Tailoring surgery for breast cancer - Genetic testing-based current practice and promises with genomewide association studies

Todd M Tuttle, D. Ziogas

Research output: Contribution to journalArticlepeer-review

Abstract

Personalized medicine is a major goal. Novel genetic and genomic tools are needed to guide prevention and treatment of current common complex diseases including heart and cancer. Decision on surgery for localized breast cancer has now become controversy. More aggressive surgery to prevent local recurrence and contralateral breast cancer (CBC) is being increasingly selected by more patients in the USA. However, this trend may harm low-risk patients and society. Genetic testing in selecting BRCA1/2 mutation carriers for more extensive surgery is a crucial step towards individualized surgery. However, for the vast majority of patients with a family history and BRCA1/2-testing negative or the remaining women with sporadic cancer, there is no robust predictor of risk of local relapse or CBC. Genomewide association studies provide the most rational way to risk assessment-based surgery. This perspective article discusses how BRCA testing and 'classic" risk factors can be integrated into individualized surgical decisions. Furthermore, describes how rapid technological advances with cheaper high-throughput DNA sequencing techniques allow the identification of single-nucleotide-polymorphisms (SNPs) and structural genomic variation (deletions, duplications, copy number variation [CNV]). This report also discusses potential ways to overcome challenges in developing and translating microarray SNPs/CNV-chips into personalized surgical practice.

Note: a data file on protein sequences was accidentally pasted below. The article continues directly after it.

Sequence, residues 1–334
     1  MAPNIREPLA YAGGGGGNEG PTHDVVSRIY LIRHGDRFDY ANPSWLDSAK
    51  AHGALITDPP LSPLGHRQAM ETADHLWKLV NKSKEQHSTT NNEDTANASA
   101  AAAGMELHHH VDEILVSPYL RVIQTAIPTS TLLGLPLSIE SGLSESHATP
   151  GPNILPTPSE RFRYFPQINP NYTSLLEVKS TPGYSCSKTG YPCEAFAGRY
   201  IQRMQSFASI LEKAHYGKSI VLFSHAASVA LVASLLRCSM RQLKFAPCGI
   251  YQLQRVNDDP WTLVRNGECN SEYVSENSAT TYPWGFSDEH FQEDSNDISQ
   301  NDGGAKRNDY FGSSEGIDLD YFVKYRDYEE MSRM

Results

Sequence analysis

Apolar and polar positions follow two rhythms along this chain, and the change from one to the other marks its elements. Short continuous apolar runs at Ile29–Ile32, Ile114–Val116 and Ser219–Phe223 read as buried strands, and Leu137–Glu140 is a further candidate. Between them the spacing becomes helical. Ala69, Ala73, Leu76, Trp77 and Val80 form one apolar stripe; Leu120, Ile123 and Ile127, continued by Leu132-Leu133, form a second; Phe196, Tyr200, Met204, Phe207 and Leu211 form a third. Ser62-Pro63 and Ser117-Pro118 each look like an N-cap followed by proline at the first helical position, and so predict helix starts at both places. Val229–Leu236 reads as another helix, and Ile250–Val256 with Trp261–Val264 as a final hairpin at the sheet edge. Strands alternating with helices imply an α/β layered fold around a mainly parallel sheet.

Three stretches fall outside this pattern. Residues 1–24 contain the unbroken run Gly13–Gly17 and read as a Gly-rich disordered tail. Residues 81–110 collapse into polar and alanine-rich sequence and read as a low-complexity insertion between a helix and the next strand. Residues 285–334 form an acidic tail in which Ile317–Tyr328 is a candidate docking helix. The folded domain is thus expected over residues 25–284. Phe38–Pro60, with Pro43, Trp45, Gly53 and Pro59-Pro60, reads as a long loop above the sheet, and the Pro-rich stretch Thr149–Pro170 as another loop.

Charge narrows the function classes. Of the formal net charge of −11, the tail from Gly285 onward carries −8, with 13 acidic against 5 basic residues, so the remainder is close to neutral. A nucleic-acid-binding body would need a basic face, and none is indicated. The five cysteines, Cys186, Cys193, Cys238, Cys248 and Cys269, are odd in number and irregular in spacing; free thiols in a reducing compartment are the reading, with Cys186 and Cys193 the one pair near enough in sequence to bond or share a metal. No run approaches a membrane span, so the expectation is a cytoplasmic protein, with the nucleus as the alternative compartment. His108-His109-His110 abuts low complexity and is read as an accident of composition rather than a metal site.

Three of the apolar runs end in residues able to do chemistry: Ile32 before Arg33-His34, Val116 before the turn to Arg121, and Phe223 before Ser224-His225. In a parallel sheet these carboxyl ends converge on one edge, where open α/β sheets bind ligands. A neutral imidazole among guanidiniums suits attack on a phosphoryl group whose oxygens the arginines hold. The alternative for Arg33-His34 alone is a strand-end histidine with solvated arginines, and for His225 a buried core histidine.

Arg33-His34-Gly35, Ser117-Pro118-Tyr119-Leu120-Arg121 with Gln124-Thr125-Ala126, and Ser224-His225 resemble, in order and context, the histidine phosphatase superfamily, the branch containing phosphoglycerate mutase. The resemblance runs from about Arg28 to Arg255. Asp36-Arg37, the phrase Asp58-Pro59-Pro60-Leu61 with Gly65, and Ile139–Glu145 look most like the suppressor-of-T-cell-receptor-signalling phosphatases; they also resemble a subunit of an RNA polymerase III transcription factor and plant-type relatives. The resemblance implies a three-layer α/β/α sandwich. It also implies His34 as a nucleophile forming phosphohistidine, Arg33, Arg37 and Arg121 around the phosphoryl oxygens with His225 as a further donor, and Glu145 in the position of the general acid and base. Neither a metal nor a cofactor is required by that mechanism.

Original languageEnglish (US)
Pages (from-to)45-52
Number of pages8
JournalGastric and Breast Cancer
Volume7
Issue number2
DOIs
StatePublished - Nov 10 2008

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